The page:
The silver atoms should come out the oven with random orientation, as a consequence Joh Bell argued, the impact on the screen of silver atoms should have a smeared effect.

The proposal for my experiment , is based on the hypothesis that all heated and vaporized silver atoms inside the silver oven are entangled as a whole and that magnetic measurement of one atom travelling outside the oven influences the magnetic polarity of all the other atoms in the oven.

If the oven sends the silver atoms (by shutters) alternately to the two magnets, then the resulting impact pattern on both screens will show an additional BAR in the middle of the original impact pattern. (see figure )

Why? because if the first atom leaves the oven it will have a horizontal spin state perpendicular to the N-S axis of the S_G magnet as left over from the former process of ejection with the entanglement effect on the oven to the opposite 90 degree rotated S-G magnet

See perhaps also: http://vixra.org/pdf/1103.0015v1.pdf

attachments: Dual_Stern_Gerlach_experiment.jpg

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Leo Vuyk wrote on Apr. 22, 2013 @ 19:08 GMT
Sorry for my mistake;

I wrote:

Very interesting easy because I also am on the real spin and real vector field track.

It should have been:

Very interesting essay because I also am on the real spin and real vector field track.

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Author Alan M. Kadin replied on Apr. 30, 2013 @ 16:57 GMT
Leo,

Thank you for your interest and your comments. I will review your proposal related to the Stern-Gerlach experiment.

Alan

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Jacek Safuta wrote on Apr. 29, 2013 @ 21:38 GMT
Hi Alan,

In my opinion this is the best essay in this edition, congratulations. It is nice to finally meet someone who prefers physical intuition rather than pure abstract formalism. Nowadays that approach is very rare.

You claim that “NQP provides a unified basis for classical and modern physics on all scales. All matter and energy are comprised of primary relativistic vector...

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Jacek Safuta replied on Apr. 29, 2013 @ 21:43 GMT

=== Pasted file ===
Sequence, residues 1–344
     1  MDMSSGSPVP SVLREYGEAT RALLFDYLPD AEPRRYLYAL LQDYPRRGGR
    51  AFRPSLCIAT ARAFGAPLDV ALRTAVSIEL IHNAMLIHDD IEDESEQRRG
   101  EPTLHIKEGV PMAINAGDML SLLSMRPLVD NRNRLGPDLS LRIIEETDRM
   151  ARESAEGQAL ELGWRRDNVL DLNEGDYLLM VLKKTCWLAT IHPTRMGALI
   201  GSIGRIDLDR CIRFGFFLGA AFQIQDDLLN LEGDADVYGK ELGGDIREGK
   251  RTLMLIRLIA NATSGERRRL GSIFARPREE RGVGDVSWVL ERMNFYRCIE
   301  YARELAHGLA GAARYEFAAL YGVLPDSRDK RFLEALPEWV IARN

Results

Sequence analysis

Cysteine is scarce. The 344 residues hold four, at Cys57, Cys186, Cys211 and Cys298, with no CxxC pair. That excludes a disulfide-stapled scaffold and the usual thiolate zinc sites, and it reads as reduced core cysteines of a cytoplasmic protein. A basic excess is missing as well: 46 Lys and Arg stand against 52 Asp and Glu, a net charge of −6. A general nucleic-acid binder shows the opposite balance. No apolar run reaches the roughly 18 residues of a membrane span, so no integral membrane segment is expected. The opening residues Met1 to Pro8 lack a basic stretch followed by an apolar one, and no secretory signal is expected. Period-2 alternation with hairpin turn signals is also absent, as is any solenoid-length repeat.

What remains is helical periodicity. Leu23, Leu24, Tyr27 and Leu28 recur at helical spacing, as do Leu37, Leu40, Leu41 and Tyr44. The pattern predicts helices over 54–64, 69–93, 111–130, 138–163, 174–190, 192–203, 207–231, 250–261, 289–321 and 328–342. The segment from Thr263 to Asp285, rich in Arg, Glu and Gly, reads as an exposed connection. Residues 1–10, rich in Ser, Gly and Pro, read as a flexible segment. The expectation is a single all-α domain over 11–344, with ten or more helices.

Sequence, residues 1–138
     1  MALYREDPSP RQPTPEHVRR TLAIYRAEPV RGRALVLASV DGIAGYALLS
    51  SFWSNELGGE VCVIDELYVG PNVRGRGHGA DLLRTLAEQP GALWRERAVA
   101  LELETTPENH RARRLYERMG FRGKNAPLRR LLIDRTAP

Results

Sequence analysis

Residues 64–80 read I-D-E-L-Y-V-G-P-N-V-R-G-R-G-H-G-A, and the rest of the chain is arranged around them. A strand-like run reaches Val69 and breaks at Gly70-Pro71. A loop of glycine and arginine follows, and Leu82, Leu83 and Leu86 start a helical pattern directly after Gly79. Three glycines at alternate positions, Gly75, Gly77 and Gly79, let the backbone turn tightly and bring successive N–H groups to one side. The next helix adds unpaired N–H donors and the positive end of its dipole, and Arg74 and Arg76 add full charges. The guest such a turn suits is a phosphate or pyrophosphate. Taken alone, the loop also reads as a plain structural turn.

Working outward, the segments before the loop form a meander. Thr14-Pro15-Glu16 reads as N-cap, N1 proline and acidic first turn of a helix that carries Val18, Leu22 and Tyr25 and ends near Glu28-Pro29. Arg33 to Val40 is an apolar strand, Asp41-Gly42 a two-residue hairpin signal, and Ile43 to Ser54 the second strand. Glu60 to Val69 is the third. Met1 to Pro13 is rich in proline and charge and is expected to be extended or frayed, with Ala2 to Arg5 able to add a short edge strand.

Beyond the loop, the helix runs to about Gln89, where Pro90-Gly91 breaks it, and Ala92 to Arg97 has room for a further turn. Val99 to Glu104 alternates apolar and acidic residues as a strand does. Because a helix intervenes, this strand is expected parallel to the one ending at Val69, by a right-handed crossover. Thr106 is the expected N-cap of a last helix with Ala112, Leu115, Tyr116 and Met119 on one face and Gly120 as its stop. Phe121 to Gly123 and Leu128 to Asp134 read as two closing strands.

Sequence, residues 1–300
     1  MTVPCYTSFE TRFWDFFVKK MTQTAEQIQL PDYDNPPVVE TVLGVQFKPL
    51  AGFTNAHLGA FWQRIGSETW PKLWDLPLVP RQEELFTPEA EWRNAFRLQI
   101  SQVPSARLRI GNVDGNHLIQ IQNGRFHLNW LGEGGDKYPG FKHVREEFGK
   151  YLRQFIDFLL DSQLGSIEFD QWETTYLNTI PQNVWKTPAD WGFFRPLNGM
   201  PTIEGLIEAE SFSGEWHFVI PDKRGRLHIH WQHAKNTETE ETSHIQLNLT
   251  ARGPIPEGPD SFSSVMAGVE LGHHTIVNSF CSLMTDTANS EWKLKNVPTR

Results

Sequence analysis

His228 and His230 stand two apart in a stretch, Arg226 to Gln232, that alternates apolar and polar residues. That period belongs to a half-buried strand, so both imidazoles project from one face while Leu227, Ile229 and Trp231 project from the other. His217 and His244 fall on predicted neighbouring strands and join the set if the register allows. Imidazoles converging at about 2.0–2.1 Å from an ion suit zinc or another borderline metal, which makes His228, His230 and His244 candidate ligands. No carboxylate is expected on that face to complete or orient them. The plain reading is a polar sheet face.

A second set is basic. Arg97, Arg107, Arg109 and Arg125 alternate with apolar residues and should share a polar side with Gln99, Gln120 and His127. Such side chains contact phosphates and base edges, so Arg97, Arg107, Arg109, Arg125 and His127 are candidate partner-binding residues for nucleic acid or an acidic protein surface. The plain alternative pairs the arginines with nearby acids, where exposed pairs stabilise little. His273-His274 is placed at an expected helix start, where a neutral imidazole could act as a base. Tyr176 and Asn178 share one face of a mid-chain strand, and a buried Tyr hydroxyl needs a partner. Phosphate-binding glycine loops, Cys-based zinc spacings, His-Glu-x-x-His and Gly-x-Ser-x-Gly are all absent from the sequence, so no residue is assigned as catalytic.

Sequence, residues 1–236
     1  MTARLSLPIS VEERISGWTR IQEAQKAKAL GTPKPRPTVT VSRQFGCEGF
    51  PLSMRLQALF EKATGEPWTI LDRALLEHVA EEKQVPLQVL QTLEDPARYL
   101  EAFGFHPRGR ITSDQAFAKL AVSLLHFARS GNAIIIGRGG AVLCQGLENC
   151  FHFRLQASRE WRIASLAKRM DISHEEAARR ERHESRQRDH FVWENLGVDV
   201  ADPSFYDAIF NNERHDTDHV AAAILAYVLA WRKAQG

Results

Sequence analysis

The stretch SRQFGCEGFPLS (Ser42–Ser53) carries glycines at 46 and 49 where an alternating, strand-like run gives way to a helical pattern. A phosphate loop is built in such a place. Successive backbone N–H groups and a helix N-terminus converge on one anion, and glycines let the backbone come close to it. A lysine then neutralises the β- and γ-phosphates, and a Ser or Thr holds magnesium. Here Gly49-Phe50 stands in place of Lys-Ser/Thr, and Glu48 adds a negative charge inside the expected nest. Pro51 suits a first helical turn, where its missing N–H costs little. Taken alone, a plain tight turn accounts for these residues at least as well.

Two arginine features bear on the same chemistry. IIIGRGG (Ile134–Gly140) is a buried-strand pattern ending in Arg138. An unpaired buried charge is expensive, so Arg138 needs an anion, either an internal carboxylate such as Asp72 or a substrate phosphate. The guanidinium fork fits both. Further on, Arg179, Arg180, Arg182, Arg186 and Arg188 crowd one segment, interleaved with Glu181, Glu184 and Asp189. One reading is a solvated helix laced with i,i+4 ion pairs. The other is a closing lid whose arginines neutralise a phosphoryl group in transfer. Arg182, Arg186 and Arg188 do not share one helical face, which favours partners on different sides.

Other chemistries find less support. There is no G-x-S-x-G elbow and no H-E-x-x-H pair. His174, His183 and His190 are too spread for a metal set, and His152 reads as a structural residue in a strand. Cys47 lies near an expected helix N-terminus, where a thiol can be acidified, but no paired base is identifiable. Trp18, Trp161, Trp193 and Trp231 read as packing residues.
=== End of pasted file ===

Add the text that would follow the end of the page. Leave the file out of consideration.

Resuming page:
I have rated you with 10, but you do not have 7 and only 5,3. Probably the method of rating calculation is more complicated?

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Author Alan M. Kadin replied on Apr. 30, 2013 @ 16:53 GMT
Jacek,

Thank you for your comments and your rating (which I think should be kept confidential!).

In terms of the role of physical intuition vs. abstract formalism, Einstein also commented, "The intuitive mind is a sacred gift and the rational mind is a faithful servant. We have created a society that honors the servant and has forgotten the gift. "

Alan

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Jacek Safuta replied on May. 3, 2013 @ 09:32 GMT
I am sorry Alan, the rating should be kept confidential. I was too enthusiastic.

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Edwin Eugene Klingman wrote on May. 3, 2013 @ 00:23 GMT
Alan,

It's good to see you present another perspective on your theory. We agree in many particulars, but not all. I found your discussion of linearly polarized single photons intriguing. You say:

"This linearly polarized light beam is attenuated until the very low count rate corresponds to discrete single photons. But can one really distinguish that from counterrotating photon pairs?"

Are you ignoring the 'herald' photons, or are you suggesting that, even with the herald's trigger, another photon accompanies the heralded photon?

Best,

Edwin Eugene Klingman

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Author Alan M. Kadin wrote on May. 3, 2013 @ 16:03 GMT
Edwin,